Windows to the past

Windows to the past The legacy of South East Asia is revealed at these four World Heritage-listed Sites Since their first safeguarding campaign in 1954 rescuing Ancient Egyptian treasures, the United Nations Educational, Scientific and Cultural Organization (UNESCO) has passionately championed the preservation of the cultural and natural heritage they describe as ‘…irreplaceable sources of life and inspiration…’ South East Asia boasts many sites on the World Heritage List including these unique testaments of outstanding universal value.

Angkor: The Pride of Cambodia ‘… exemplifying cultural, religious and symbolic values, as well as containing high architectural, archaeological and artistic significance.’ – UNESCO Angkor’s magnificent remains of the different capitals of the Khmer Empire stretch along 400-square kilometres of communication routes and hydraulic structures amongst the forests and farmland near Siem Reap. It contains over 1,000 temples from tiny brick towers to Angkor Wat, the world’s largest single religious monument of soaring towers, intricate carvings and breathtaking sanctuaries. When the diaries of 19th century botanist, Henri Mouhot (who accidentally discovered Angkor) were published posthumously, the temples gained worldwide attention and extensive restorations began on this grand religious, social and administrative metropolis, which dates from 802.

Hoi An Ancient Town: Vietnam’s Peaceful Meeting Place ‘… an outstanding material manifestation of the fusion of cultures over time in an international maritime commercial centre.’ – UNESCO The Ancient Town of Hoi An is a beautifully preserved traditional Asian trading port and the only one intact in Vietnam. This trading centre of the Sa Huynh people dates back to the 2nd century BC and was the most important port of the powerful Champa Kingdom by the 15th century. Hoi An flourished between the 16th-18th centuries and saw Christianity arrive in Vietnam. Notable historical monuments include its symbolic Japanese Covered Bridge built in the early 1600s, whilst silk, spices and handicraft s are still the most widely traded commodities with the House of Hoi showcasing silkworms and a 17th century loom.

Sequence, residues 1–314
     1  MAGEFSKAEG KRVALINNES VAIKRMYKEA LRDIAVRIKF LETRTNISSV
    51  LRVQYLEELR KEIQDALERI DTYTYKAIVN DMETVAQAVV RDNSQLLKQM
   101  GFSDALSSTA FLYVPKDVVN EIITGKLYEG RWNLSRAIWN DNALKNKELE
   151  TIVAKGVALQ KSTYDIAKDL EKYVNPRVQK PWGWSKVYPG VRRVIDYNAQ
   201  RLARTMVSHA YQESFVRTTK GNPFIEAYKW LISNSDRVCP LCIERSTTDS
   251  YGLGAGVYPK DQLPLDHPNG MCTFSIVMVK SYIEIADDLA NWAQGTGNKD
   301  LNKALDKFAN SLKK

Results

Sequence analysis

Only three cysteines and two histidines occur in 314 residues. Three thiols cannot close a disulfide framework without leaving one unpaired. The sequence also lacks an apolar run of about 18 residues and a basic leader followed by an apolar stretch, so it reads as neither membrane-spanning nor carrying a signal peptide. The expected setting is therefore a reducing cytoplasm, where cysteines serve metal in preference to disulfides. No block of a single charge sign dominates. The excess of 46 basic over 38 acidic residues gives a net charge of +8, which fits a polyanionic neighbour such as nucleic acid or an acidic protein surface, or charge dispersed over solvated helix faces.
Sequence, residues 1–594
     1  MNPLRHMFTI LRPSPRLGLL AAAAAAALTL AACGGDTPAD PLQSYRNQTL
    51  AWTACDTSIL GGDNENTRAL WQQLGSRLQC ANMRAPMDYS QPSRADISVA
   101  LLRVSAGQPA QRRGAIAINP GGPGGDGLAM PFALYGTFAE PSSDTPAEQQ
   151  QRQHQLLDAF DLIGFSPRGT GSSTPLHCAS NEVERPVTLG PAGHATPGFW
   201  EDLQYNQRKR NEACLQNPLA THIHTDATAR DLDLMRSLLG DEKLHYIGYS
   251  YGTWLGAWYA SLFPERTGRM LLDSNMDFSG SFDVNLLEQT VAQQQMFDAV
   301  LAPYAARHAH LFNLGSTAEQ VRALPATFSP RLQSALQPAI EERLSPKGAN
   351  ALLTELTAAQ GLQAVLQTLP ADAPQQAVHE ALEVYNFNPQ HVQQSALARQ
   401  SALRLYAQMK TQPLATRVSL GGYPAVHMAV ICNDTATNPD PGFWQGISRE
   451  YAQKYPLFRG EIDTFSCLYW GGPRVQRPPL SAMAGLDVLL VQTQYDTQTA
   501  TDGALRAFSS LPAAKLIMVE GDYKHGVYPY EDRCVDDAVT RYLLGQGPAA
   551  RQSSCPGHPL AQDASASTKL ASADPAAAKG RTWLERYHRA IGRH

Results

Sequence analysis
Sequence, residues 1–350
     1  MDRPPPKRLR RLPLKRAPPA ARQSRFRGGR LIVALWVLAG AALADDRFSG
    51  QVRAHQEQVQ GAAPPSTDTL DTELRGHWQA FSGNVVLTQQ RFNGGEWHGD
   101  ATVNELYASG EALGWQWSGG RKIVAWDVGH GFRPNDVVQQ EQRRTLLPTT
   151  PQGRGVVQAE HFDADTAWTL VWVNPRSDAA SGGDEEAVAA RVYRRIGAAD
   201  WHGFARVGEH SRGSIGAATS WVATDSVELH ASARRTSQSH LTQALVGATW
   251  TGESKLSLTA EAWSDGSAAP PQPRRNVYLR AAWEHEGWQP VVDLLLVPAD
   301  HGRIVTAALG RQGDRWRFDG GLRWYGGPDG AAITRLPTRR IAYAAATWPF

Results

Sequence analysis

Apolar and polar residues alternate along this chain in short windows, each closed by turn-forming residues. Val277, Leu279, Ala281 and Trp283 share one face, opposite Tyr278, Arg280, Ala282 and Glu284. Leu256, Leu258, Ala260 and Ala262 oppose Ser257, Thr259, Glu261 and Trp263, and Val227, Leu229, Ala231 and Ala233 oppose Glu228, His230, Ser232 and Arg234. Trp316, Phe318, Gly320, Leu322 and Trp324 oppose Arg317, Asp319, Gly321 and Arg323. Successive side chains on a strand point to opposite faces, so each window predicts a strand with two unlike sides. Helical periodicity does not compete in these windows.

Luang Prabang: A Laotian blend of two distinct cultural traditions ‘…an outstanding example of the fusion of traditional architecture and Lao urban structures with those built by the European colonial authorities…’ – UNESCO Encircled by lush greenery in the heart of mountainous northern Laos is Luang Prabang, the ancient royal capital of Lane Xang (Kingdom of a Million Elephants) between the 14th and 16th centuries and a regional centre of Buddhism. UNESCO praises the built heritage of Luang Prabang, which ‘is in perfect harmony in the natural environment’ relaying the rich architectural and artistic fusion of Lao urban architecture with that of the colonial era. Most traditional buildings and temples are wooden structures, however balconied brick houses characterise the 19th and 20th century colonial influence. Heralded by the 16th century Wat Xieng Thong, the town’s many richly decorated temples are amongst the most sophisticated in South East Asia.

Halong Bay: Vietnam’s Majestic ‘Descending Dragon’ ‘The outstanding value…is centred around the drowned limestone karst landforms, displaying spectacular pillars…’ – UNESCO Mother Nature’s artistic mastery stamps Vietnam’s Halong Bay with a showcase of over 1,600 uninhabited limestone karsts and islets soaring out of the emerald waters. Halong Bay – which means ‘descending dragon’ after local folklore surrounding its creation – is also one of the ‘New Seven Natural Wonders of the World’ with biological interest including its mature clusters of conical peaks and isolated towers. Halong Bay’s spectacular canvas includes Thien Cung and Me Cung caves, Soi Sim and Titov islands, the Cat Ba rainforest, and Sung Sot grotto. Many artefacts marking important events in Vietnamese history have also been discovered. – See more at:


Source: Scenic. Date: June 23, 2016